WASHINGTON (NYTIMES) - Protesters marched into Lafayette Square opposite the White House on Saturday (June 30) and chanted "families belong together" to counter President Donald Trump's zero-tolerance immigration policy.
They were joined in declaring that message by dozens of other rallies from New York to California.
Animated by what they view as the cruel treatment of migrants seeking refuge in the United States from violence in their home countries, the crowds turned out on Saturday bearing homemade signs that read "Abolish ICE" - the Immigration and Customs Enforcement agency - and "Zero tolerance for family separation".
For two sisters, Ms Claudia Thomas and Ms Monica Escobar, the sight of immigrant children being taken from their parents hit close to home. When they were young, they immigrated to the United States from Guatemala, one of several Central American countries that is a source of migrants today.
They said they were out at Saturday's protest in the nation's capital to stand up for human decency.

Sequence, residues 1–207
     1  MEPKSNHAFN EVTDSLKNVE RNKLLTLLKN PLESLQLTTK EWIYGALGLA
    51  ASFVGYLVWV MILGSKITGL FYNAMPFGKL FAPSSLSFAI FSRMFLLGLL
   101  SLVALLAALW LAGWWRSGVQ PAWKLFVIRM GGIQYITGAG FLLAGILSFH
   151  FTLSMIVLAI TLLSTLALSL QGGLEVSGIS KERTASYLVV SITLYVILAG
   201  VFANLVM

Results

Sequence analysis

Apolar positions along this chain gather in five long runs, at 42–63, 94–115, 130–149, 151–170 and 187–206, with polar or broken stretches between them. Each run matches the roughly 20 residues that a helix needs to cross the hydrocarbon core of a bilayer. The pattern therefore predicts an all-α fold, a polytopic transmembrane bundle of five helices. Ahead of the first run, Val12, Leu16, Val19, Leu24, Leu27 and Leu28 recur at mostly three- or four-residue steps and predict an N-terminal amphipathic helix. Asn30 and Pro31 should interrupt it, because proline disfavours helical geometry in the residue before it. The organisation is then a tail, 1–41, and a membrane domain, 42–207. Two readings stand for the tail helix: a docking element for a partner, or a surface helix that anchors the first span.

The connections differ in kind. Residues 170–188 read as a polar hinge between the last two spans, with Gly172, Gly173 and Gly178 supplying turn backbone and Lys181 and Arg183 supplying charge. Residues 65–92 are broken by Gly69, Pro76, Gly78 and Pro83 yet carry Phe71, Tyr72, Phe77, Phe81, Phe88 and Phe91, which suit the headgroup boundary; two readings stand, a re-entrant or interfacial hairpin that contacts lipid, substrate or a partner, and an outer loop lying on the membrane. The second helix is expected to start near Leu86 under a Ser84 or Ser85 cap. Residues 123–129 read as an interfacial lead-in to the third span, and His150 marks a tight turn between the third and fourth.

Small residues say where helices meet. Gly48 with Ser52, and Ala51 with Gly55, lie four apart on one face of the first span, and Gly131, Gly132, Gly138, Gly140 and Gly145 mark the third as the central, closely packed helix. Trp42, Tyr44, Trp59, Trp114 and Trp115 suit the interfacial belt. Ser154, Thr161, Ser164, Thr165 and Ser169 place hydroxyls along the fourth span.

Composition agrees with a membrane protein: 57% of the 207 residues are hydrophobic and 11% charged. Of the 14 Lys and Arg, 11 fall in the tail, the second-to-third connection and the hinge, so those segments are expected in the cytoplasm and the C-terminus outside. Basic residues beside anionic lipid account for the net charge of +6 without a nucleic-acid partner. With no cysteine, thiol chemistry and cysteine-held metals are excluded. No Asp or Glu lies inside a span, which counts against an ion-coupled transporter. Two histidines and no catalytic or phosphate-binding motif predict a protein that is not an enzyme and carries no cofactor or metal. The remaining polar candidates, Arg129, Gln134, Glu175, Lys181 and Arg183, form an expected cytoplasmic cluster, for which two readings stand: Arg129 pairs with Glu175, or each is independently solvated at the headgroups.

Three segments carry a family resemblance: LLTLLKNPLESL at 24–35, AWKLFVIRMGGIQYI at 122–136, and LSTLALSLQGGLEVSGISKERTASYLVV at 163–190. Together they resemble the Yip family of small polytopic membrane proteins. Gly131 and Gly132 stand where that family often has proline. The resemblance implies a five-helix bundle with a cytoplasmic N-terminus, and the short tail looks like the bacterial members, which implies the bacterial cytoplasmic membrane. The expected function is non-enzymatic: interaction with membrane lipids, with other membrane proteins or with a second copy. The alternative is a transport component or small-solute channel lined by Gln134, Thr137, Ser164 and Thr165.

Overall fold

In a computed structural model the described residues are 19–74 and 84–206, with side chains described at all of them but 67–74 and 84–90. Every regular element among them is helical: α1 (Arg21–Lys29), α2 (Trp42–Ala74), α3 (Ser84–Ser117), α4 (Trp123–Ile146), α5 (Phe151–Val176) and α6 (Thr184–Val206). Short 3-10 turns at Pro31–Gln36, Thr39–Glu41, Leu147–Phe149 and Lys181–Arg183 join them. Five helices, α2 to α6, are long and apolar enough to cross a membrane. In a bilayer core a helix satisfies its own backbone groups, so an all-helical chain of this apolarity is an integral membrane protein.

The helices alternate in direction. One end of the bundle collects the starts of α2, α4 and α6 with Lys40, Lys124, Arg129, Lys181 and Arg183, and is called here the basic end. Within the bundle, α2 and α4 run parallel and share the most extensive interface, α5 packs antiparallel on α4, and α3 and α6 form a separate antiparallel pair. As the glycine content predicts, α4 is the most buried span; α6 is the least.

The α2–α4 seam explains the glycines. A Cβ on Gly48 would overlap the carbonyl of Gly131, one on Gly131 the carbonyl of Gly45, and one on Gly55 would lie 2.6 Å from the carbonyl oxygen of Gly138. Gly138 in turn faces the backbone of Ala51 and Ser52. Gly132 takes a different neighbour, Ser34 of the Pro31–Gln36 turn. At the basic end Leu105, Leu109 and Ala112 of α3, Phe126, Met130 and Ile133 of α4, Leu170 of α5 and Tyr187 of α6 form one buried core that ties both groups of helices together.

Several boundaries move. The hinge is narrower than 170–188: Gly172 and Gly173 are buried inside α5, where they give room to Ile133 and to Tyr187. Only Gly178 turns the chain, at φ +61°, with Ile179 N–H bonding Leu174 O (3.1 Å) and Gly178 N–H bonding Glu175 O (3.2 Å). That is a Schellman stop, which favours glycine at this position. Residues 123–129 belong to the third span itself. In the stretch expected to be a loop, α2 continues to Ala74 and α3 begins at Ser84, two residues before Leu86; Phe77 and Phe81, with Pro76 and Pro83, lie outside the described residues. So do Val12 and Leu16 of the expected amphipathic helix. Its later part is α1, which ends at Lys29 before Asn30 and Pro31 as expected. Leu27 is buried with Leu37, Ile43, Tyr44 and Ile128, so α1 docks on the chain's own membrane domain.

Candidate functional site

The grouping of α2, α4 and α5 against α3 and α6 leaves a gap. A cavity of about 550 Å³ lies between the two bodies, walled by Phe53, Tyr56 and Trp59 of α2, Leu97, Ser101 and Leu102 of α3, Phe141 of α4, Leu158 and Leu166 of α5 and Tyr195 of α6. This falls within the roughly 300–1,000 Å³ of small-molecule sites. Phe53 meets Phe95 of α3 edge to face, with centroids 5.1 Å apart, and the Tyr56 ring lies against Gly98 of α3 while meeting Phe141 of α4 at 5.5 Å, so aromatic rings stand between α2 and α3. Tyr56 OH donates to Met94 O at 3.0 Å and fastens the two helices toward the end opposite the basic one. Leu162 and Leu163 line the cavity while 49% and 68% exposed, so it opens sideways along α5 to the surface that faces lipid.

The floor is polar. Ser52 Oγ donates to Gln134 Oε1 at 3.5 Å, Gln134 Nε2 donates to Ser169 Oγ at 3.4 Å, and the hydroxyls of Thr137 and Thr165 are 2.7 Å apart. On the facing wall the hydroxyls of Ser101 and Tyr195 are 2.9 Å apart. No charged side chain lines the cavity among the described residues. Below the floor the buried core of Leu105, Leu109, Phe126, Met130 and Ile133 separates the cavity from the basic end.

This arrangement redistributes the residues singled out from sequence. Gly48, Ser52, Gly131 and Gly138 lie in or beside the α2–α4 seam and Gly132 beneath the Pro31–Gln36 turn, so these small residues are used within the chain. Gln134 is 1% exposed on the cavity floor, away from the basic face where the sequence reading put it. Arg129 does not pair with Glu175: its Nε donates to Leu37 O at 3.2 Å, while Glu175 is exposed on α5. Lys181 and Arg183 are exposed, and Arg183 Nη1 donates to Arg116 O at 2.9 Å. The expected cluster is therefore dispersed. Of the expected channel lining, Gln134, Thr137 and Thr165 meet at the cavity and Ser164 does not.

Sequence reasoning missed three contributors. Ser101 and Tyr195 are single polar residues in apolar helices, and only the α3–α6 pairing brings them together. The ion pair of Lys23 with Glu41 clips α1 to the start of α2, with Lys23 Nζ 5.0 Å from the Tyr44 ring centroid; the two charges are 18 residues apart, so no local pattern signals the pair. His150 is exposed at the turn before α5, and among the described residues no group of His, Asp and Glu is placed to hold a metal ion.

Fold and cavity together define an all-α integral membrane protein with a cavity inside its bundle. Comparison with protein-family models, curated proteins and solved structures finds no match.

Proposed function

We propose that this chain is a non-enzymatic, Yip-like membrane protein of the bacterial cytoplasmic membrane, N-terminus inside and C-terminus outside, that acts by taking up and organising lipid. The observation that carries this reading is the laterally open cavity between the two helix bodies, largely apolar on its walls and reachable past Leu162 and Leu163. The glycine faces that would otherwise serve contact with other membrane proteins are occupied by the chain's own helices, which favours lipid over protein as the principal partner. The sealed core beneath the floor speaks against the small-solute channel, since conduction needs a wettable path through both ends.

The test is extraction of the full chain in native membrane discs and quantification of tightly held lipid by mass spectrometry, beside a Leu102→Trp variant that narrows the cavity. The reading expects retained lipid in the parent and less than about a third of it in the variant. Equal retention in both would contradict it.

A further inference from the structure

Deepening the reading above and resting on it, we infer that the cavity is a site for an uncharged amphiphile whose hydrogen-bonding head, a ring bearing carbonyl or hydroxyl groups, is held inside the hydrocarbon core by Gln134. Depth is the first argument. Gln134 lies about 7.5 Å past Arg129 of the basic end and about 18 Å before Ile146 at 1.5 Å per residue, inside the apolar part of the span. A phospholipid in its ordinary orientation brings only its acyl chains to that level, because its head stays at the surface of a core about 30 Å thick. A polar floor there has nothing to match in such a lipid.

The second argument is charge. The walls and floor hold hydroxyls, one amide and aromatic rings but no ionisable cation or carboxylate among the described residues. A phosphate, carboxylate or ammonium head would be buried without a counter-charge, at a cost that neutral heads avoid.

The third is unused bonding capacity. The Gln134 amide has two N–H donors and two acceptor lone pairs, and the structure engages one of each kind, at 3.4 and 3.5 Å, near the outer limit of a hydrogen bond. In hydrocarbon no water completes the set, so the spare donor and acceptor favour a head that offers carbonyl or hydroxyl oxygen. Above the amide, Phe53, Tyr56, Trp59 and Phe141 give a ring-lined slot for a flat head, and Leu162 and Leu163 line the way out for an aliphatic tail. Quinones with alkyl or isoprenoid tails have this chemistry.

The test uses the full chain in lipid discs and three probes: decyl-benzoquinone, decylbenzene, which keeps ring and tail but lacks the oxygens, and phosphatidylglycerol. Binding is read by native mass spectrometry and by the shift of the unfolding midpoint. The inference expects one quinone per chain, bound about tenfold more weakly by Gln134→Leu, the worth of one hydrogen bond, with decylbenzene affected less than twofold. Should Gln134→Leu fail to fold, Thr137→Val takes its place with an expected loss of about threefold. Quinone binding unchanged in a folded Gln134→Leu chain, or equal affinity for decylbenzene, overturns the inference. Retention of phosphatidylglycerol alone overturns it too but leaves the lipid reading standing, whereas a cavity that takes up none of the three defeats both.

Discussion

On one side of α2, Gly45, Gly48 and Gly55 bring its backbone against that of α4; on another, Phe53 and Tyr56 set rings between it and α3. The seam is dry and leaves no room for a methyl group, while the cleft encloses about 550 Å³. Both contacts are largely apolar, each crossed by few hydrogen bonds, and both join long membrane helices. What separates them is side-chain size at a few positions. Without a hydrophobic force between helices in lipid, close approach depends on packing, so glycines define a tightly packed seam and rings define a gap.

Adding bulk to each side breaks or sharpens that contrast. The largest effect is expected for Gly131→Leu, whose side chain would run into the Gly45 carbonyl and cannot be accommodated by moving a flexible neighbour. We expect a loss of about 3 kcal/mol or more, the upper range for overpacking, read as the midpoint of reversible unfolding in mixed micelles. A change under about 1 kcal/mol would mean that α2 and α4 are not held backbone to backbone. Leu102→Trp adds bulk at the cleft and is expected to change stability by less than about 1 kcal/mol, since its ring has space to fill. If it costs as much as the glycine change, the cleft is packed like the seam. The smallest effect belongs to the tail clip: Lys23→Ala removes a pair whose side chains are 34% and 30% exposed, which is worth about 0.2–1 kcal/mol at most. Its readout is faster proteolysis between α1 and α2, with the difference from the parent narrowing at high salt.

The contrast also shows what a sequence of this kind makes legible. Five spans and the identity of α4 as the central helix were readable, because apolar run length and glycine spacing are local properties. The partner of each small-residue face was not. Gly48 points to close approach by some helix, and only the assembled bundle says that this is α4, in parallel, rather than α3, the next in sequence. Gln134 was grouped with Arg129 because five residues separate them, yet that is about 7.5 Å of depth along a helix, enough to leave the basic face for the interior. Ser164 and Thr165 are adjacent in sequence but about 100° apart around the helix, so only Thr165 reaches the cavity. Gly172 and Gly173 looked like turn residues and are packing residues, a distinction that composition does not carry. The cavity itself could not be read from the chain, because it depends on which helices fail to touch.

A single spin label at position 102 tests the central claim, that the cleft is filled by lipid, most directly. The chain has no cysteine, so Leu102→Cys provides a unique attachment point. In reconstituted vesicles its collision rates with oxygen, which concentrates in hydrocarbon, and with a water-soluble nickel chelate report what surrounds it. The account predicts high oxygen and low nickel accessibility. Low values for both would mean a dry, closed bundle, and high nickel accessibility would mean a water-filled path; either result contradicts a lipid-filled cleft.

While Washington was the political epicentre of the protests, similar scenes unfolded in large, border cities like El Paso, Texas; state capitals like Salt Lake City and Atlanta; and smaller, interior towns like Redding, California. In total, organisers anticipated more than 700 protests, in all 50 states.
The protests were largely peaceful, although there were a few arrests.
In Huntsville, Alabama, police said one man was arrested after he got into a scuffle with protesters and pulled out a handgun; no one was injured. In Columbus, Ohio, one person was arrested on a charge of obstructing official business, police said. And the Dallas Police Department said five people were arrested during a protest outside of an ICE building.
Otherwise, protesters caused few disturbances as they descended on statehouses and Immigration and Customs Enforcement buildings, and gathered in plazas and in parks, where they danced, chanted and sang. Many clutched signs with messages berating Mr Trump and his immigration policies.
Celebrities such as Kerry Washington, star of the hit ABC series "Scandal", and comedian Amy Schumer joined the protests in New York, and politicians like Senator Elizabeth Warren joined the demonstration in Boston.
Creator of "Hamilton" Lin-Manuel Miranda and Alicia Keys, the singer-songwriter-pianist, performed in Washington.
In New York, protesters overflowed Foley Square in Lower Manhattan. At every intersection on the way to the central march location, clusters of people chanted, "When children are under attack, what do we do? Stand up, fight back!"